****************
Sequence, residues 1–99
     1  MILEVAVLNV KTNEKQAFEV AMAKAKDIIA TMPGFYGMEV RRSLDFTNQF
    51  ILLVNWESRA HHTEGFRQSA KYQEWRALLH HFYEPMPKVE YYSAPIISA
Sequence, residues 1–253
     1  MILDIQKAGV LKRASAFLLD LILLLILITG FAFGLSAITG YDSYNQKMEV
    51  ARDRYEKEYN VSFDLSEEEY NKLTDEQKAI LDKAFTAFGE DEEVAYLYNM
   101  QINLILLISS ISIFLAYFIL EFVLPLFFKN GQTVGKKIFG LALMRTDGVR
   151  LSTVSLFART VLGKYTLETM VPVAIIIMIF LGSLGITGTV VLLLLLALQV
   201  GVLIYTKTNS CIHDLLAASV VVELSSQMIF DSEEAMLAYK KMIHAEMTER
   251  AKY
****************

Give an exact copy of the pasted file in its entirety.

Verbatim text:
Sequence, residues 1–99
     1  MILEVAVLNV KTNEKQAFEV AMAKAKDIIA TMPGFYGMEV RRSLDFTNQF
    51  ILLVNWESRA HHTEGFRQSA KYQEWRALLH HFYEPMPKVE YYSAPIISA
Sequence, residues 1–253
     1  MILDIQKAGV LKRASAFLLD LILLLILITG FAFGLSAITG YDSYNQKMEV
    51  ARDRYEKEYN VSFDLSEEEY NKLTDEQKAI LDKAFTAFGE DEEVAYLYNM
   101  QINLILLISS ISIFLAYFIL EFVLPLFFKN GQTVGKKIFG LALMRTDGVR
   151  LSTVSLFART VLGKYTLETM VPVAIIIMIF LGSLGITGTV VLLLLLALQV
   201  GVLIYTKTNS CIHDLLAASV VVELSSQMIF DSEEAMLAYK KMIHAEMTER
   251  AKY